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Can a Water Filter Improve Your Pipe Experience?

Can a Water Filter Improve Your Pipe Experience?

The first and most important benefit of water filters is cleaner, safer, and healthier drinking water. However, not many people know that water filters are also meant to preserve and reduce any potential damages to your plumbing network as well.

In a nutshell, most filters can improve your pipe experience – some excel at it while some can barely get the job done. The main factor is the type of the water filter, or more precisely speaking, what kind of elements is it capable of filtering/removing. Let’s dive a bit deeper into the topic before we draw any conclusions:

What contaminants glossary

Different filter types exist to battle different types of contaminants, although a perfect all-around solution that can eliminate them all has still not been invented.

The main four contaminant types include physical contaminants, chemical contaminants, biological contaminants, and radiological contaminants.

Physical contaminants affect the water’s physical properties. Organic materials may have a biological structure but are treated as ‘physical’ contaminants; they partially dissolve in water and change their molecular structure.

Chemicals, such as compounds and various elements (nitrogen, metals, and such), can be natural or man-made.

Biological contaminants, or living organisms, dwell in water and can reproduce under certain circumstances. Bacteria and viruses are the most typical biological contaminants.

Radiological contaminants essentially share a lot in common with chemical elements while the main difference that sets them apart is their imbalance of protons and neutrons. Their volatility often results in ionizing radiation.

Water filter types and their efficiency at removing particular types of contaminants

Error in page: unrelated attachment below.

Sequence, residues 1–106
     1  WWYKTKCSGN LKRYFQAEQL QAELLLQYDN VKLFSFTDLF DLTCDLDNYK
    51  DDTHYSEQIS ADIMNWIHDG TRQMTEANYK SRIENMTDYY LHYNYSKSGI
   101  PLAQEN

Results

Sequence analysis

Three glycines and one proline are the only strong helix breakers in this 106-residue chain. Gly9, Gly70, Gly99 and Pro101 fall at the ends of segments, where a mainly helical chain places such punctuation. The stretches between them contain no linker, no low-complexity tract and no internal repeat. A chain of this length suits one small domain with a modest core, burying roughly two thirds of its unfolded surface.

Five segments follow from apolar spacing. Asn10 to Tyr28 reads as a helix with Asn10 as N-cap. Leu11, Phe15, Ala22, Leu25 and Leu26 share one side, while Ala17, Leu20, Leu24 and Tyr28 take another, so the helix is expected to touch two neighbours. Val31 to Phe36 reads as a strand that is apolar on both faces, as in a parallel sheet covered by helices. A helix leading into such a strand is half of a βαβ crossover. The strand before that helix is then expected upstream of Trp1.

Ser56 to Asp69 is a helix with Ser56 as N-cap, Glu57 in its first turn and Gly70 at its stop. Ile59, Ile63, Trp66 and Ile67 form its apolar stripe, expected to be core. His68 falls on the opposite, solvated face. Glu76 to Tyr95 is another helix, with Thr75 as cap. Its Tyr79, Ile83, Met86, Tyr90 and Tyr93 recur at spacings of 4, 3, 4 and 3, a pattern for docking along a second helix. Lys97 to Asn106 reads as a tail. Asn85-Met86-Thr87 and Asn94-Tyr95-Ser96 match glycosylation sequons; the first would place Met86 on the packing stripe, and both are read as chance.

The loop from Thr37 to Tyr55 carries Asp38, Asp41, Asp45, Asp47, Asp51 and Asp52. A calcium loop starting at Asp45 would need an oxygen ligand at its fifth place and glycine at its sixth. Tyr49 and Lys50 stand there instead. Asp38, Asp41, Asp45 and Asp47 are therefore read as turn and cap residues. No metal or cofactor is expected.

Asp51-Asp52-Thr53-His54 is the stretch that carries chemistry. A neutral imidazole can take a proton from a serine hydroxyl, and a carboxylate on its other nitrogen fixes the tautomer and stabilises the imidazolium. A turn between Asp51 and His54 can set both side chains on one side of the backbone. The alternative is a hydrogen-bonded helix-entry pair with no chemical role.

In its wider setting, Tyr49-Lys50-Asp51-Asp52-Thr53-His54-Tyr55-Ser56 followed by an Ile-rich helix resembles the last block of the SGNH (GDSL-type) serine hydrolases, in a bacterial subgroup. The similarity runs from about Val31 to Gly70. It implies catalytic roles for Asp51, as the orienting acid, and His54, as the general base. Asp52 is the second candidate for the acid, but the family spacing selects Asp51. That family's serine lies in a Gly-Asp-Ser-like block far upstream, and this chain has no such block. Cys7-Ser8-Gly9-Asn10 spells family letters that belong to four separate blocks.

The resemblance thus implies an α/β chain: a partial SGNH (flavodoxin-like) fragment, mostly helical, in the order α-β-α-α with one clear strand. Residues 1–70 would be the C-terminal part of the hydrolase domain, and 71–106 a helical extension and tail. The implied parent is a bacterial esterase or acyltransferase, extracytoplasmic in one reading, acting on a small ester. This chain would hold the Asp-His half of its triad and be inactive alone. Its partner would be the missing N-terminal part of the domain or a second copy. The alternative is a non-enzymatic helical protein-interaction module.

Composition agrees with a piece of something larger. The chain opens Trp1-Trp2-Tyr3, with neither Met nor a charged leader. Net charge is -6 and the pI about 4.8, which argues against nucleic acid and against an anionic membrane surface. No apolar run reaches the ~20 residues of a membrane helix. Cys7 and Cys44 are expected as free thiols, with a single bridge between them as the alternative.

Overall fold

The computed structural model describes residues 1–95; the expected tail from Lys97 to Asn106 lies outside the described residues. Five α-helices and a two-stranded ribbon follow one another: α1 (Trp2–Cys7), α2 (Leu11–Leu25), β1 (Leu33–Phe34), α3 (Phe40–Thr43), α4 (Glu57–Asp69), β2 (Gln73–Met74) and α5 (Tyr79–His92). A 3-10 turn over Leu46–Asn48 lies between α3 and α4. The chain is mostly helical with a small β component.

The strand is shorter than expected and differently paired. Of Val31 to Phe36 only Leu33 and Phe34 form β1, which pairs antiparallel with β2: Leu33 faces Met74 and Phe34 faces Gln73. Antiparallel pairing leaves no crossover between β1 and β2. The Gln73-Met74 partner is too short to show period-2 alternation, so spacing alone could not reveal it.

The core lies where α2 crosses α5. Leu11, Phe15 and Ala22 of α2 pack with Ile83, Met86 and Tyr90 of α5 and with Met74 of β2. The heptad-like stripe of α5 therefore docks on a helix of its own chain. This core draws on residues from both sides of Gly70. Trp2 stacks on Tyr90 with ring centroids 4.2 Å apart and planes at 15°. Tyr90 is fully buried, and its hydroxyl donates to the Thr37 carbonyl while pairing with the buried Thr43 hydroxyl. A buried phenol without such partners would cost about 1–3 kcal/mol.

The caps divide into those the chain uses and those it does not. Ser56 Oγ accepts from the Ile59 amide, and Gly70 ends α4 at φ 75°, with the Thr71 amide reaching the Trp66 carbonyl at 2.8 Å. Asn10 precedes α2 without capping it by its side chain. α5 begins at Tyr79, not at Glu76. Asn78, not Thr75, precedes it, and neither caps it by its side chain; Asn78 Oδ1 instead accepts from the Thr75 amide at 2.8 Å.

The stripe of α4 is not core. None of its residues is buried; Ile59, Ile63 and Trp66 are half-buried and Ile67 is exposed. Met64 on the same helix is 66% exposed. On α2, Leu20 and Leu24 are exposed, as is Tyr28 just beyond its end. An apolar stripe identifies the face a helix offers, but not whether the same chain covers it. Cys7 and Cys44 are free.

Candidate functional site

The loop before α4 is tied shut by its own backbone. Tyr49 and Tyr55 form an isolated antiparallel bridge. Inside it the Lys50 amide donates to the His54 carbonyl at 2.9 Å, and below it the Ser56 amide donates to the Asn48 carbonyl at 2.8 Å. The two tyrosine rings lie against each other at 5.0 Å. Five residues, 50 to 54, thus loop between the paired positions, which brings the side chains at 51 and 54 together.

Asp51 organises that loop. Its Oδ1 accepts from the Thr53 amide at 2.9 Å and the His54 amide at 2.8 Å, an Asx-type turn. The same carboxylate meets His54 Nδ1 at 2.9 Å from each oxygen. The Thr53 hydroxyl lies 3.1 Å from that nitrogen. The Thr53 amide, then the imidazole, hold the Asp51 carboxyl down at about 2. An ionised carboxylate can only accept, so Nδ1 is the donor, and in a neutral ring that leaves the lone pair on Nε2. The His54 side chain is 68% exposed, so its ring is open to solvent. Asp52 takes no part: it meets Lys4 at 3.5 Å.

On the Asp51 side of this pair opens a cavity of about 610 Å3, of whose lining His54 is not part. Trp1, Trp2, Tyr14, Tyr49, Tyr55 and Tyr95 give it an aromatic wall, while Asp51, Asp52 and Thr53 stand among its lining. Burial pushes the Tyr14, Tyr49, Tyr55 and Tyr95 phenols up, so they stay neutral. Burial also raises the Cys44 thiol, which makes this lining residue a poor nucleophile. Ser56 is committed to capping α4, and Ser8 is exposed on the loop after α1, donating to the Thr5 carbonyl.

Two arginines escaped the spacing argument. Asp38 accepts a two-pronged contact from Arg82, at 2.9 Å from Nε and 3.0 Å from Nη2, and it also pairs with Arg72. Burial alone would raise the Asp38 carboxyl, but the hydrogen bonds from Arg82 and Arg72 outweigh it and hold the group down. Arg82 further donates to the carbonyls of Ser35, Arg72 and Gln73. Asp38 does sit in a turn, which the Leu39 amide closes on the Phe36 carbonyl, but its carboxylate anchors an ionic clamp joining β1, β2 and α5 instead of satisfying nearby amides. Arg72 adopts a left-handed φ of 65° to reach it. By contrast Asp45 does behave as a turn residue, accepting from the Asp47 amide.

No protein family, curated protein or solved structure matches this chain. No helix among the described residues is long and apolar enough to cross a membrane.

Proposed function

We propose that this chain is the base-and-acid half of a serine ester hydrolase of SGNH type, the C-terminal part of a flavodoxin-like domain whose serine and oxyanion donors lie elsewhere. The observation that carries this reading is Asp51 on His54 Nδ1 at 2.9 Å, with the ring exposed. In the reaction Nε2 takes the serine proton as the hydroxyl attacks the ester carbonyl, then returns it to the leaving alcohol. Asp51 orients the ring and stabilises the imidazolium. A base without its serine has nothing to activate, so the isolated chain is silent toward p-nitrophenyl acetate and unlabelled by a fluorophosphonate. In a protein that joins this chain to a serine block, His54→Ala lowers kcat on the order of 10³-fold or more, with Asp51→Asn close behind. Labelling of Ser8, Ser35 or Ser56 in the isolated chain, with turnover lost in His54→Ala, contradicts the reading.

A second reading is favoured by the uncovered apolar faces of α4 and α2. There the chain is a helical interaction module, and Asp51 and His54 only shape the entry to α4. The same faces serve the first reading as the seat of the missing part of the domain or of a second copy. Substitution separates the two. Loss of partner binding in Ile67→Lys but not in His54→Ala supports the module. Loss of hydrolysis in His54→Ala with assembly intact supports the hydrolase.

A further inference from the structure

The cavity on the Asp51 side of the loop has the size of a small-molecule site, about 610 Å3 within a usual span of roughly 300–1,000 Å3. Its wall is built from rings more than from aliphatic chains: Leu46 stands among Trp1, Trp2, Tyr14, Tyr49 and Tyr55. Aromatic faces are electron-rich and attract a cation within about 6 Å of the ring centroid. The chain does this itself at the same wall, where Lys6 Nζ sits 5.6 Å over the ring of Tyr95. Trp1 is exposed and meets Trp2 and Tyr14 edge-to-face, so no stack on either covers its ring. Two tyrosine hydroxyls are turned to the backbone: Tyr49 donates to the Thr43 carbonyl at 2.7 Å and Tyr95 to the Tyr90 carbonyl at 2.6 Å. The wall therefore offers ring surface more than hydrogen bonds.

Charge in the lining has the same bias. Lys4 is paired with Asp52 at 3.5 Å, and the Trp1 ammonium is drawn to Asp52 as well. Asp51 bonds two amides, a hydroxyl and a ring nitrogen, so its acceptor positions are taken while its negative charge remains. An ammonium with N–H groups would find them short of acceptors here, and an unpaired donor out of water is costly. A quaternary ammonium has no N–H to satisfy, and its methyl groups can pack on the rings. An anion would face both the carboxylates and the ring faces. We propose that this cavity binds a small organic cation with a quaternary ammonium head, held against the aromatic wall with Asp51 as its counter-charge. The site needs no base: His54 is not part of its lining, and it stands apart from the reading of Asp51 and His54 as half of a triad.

Each water filter type operates in a different way and is supplied with different features. The main types of water filters are Ion Exchange filters, Reverse Osmosis filters, Mechanical filters, and UV filters.

Ion Exchange Filters

IO filters exchange ions in flowing water, or more precisely speaking, they’re designed to swap potentially harmful ions with harmless or beneficial ones. For instance, calcium tends to ‘harden’ the water and can be perceived as a harmful element for both human health and plumbing pipes.

Ion Exchange method will in this case substitute calcium ions with harmless ions, such as sodium, which is meant to make the water softer.

This particular filter type can prolong your plumbing pipes, as elements that harden the water typically form layers around pipes.

On the downside, IO filters aren’t particularly efficient at removing viruses, bacteria, and most kinds of organic material. They are generally suitable for eliminating radioactive and chemical contaminants while struggling to remove biological and physical contaminants.

Reverse Osmosis Filters

Osmosis is a spontaneous, natural movement of solvent molecules passing through a semipermeable membrane, which allows less concentrated solutions into more concentrated solutions. Since the natural direction of osmosis helps spread the contaminants evenly, RO filters were designed to split the equation more favorably.

Basically, reverse Osmosis filters control the direction of the flowing water and push the contaminants against their natural path, leaving clean water intact for as long as the process is continuous.